I can understand that a tour company may want to deliberately overbook in order to protect against vacant slots caused by cancellations. However, to refuse to permit bumped clients to cancel with full refund effectively means that Grand Circle will be reaping a windfall at the expense of the unfortunate client: if the client cancels, Grand Circle not only operates the tour at capacity but retains the client’s forfeited payment; if the client is forced to accept an alternate departure, Grand Circle operates the original tour at capacity and has a windfall involuntary incremental booking on the alternate departure.

Unless future brochures that I receive from Grand Circle disclose their deliberate overbooking practice and provide that any confirmed client who is bumped from a trip that is not itself rescheduled would be entitled to a full refund, I would never consider booking any Grand Circle offering.

BRUCE BERGER
Palo Alto, CA

ITN sent a copy of the above letter to Grand Circle Travel and received the following reply.

Thank you for your letter regarding the Kohlers’ letter. We regret how the Kohlers’ move was handled when our “Great Rivers of Europe” river cruise was overbooked last August. However, thanks to their bringing it to our attention, our “Terms & Conditions” have been updated to include our overbooking policy.

Although Grand Circle does overbook its vacations, I would like to assure you that when a trip is overbooked, we begin contacting passengers to identify volunteers who can move their departure date without any inconvenience. Because we overbook by a small number, these volunteers usually free up the needed space. In the rare instance when a traveler cannot change her vacation departure date and we cannot accommodate her on that date or any other preferred date or trip, we offer a full refund and compensation.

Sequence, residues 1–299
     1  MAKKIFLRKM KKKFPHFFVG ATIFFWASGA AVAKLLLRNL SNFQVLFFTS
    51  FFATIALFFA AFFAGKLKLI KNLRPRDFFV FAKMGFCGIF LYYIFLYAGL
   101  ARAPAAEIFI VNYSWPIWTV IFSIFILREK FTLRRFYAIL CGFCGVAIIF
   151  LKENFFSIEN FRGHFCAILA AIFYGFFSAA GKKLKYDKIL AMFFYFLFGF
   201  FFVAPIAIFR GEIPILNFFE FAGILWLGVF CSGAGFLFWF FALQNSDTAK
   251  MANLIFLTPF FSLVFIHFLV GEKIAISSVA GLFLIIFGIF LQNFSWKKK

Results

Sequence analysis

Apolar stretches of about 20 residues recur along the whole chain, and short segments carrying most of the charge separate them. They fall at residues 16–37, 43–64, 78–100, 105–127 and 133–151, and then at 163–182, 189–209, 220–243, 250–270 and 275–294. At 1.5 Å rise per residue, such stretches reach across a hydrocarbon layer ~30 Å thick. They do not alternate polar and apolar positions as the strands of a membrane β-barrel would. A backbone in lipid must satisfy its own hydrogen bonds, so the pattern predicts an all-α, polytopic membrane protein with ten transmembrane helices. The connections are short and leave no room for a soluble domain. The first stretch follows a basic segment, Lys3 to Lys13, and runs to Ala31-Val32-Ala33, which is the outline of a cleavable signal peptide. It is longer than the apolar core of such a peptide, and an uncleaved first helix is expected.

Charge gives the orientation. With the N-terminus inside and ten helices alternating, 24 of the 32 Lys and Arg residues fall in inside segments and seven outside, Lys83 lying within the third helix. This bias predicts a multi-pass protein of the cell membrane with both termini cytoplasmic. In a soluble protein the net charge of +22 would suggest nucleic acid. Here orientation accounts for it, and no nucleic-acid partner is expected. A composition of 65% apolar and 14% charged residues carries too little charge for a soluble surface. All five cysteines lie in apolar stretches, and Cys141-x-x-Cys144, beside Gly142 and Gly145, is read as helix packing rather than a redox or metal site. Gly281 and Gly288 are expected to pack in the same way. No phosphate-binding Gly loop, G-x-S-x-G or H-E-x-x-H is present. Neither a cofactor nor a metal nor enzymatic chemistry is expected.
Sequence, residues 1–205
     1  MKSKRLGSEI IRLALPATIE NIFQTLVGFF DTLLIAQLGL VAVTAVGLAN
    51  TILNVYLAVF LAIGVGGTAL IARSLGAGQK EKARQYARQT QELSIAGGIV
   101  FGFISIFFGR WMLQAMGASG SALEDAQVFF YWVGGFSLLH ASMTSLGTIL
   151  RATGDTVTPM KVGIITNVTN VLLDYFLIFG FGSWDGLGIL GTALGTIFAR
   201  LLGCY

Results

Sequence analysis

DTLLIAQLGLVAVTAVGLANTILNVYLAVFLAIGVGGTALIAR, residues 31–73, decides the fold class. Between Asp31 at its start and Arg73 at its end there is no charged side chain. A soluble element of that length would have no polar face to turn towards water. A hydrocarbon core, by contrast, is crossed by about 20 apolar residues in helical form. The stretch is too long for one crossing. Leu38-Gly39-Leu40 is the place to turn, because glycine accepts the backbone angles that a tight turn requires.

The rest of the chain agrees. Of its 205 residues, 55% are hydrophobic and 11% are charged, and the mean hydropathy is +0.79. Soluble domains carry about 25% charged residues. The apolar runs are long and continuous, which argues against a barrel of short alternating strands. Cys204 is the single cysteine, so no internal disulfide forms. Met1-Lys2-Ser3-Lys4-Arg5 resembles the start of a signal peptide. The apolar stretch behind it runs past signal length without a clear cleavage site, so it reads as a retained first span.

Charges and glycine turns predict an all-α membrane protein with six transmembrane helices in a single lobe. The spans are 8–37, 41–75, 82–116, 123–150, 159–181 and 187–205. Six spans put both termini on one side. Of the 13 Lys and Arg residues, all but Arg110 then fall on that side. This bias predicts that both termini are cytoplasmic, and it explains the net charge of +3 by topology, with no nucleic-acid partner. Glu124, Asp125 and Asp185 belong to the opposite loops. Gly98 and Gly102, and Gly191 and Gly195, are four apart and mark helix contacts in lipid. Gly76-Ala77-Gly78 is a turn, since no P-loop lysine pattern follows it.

We understand that changing a vacation departure date can not only inconvenience but also disappoint our passengers. Therefore, we have attempted to minimize the impact of overbooking as much as possible.

I am proud to write that 150,000 people traveled with us in 2004, and, when surveyed, 96% have told us they will travel with us again. We work hard every day to deliver a high-quality experience at a great value to our passengers, and we appreciate it when our passengers let us know when we fall short. It’s how we continue to improve.

Again, thank you for your letter.

STEPHANIE M. NICHOLS, Manager, Public Relations, Grand Circle Corporation, 347 Congress St., Boston, MA 02210

Grand Circle’s website, www.gct.com, now carries the following disclaimer under the heading “General Terms and Conditions: “GCC, like most tour operators overbooks its vacations. we do this because historically, few people cancel their trips when they book with us. Overbooking is done in the best interest of our customers and Grand Circle Corporation. With the revenue produced by filling spots on our trips that would otherwise go empty, we maintain exceptional value on our trips. This allows us to accept more reservations than decline them when customers call to make a booking. This does not necessarily mean that if you have a reservation you will not be accommodated on your trip.

“If between 60 and 14 days or more prior to your departure, more customers are confirmed than can be accommodated, a Grand Circle representative will contact volunteers who are willing to give up their seats in exchange for compensation and a confirmed spot on a future departure date. On rare occasions, customers may be involuntarily moved to another departure date if a sufficient number of volunteers are not obtained. We may take into consideration at that time factors such as Inner Circle status, fare paid and severe hardships. With few exceptions, passengers denied their trips involuntarily are entitled to compensation.”